Perhaps God has given us the chance to be blessed according to the last of the beatitudes. “Blessed are the poor,” said Jesus, and yet many of the least well off among us are wealthy by any realistic historical or global standard. “Blessed are you who hunger,” and while feeding the hungry is a large part of what we do in this place, we do have food to give. “Blessed are the meek,” and yet in our complex society we can scarcely avoid pride at all that we have achieved. No, this last beatitude may be our best shot at the designation “blessed of God.” Blessed are they who can’t be absolutely sure. Blessed are they who believe the hearsay. Blessed are the eyes of faith that continue in hope despite the frustrations and ambiguities. “Blessed are those who have not seen and yet have come to believe”.

Blessed are those who have not seen, who have not touched who have not perhaps experienced and yet have come to believe! Hear Christ’s word to you today, you are not less or least, you are blessed, in a world that demands proof and runs on feelings you have allowed yourselves to be stretched beyond that into faith, a faith that calls you beyond yourself to participate in the largeness of God, beyond yourself into a spacious place where you find yourself connected to the beginning and end of time, part of God’s plan for the recreation of all that is marred and broken, salt and light in the world that needs God flavours and colours.

Living our life in the light of the risen Christ, of the fullness of a God reality rather than as a child of our time and culture demands that we embrace a larger life, a Christ centred, Christ filled Spirit empowered life. A life that changes our priorities and perspectives and that demands a day by day moment by moment laying down of our smaller selves because we are in truth connected and somehow in tune with more. This will affect how we live in every aspect, what we share, who we are, what was it that compelled those early disciples and new followers to share everything in common, to ensure that the needs of all were met? Christ’s love, Christ’s largeness, the choice to live a Christ filled life!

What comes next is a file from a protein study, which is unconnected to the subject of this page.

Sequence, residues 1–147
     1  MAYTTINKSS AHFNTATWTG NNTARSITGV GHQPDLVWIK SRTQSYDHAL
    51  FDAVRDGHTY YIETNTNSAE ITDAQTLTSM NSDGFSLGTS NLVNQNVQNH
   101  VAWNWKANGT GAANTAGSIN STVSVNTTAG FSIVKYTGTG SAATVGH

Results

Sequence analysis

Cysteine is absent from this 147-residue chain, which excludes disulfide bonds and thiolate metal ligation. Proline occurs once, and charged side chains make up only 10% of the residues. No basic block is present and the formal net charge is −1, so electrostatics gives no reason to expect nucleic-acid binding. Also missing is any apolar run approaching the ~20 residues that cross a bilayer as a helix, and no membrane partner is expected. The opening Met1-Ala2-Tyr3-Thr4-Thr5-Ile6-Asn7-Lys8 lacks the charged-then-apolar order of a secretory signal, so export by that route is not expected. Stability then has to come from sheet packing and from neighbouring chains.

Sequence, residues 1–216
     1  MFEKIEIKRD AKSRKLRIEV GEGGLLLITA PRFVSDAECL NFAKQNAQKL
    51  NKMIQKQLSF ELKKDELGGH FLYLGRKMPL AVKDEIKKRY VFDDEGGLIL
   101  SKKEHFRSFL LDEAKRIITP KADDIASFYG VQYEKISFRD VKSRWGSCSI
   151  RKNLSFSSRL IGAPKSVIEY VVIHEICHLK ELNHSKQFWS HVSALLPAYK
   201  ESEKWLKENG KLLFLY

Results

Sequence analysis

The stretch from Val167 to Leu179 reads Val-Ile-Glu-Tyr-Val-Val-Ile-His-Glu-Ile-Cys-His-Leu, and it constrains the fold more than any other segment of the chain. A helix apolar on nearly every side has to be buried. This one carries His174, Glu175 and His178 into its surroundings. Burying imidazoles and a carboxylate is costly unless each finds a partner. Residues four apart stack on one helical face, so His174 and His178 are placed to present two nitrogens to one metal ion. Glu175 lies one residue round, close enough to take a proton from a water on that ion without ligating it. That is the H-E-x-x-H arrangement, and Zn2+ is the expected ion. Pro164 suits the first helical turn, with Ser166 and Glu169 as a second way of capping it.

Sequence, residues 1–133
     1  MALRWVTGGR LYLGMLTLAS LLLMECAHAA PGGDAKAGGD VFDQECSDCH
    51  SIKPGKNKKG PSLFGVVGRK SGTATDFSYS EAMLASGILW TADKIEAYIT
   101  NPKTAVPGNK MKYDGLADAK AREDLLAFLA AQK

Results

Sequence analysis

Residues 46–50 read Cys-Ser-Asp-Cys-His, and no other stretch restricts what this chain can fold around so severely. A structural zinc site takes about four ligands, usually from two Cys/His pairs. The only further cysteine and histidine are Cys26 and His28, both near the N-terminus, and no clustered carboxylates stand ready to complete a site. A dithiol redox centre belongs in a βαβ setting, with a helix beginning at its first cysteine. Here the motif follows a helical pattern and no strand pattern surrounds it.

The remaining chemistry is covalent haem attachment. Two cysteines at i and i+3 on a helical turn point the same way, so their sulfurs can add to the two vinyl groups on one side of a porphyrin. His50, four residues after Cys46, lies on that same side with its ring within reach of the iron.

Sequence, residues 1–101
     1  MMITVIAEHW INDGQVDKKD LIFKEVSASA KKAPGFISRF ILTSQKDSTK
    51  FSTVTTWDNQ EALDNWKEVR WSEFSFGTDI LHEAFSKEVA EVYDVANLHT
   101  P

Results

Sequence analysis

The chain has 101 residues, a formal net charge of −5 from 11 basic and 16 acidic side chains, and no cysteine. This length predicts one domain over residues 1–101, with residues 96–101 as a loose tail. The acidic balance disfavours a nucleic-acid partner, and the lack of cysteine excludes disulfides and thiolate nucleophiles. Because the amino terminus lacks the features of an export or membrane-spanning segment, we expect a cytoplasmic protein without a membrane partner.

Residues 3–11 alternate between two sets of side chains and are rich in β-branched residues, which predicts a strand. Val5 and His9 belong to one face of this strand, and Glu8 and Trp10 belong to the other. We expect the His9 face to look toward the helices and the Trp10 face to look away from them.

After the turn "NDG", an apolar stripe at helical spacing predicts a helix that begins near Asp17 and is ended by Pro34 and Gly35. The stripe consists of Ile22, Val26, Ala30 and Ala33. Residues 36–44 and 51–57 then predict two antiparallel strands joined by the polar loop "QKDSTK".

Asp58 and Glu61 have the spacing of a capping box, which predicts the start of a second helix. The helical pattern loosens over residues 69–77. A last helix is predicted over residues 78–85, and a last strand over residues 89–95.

Now what we buy, what we give, how we live, and dare I say how we will vote in the coming election is about more than our wants and desires! In the words of the Joint Public Issues team challenge; “ Love your neighbour, think, pray, vote!”

Now you can place your hand into the hand of Thomas the doubter and walk with him through your own doubts and fears to a place where you dare to believe not only that he is risen but that this makes a difference, in your life and in the life of the world, to a place where you are able like Thomas to give your life to his life and speak out for justice, love the unlovable, see good in the ugly and broken parts even in yourself.

Alleluia, He is risen! Lord I believe, help me in my unbelief!

 

 

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About Sally C

How do I describe myself, I am not what I do, (I am a Methodist Minister), I am not who I am related to (I have 5 wonderful children, and 2 lovely granddaughters). I am a seeker truth, a partaker of life in all it's fullness and a follower, sometimes stumbling, sometimes celebrating of the Christian pathway. I seek wholeness, joy and a connectedness to all things through a deep reconciliation with the God whose love blows my socks off!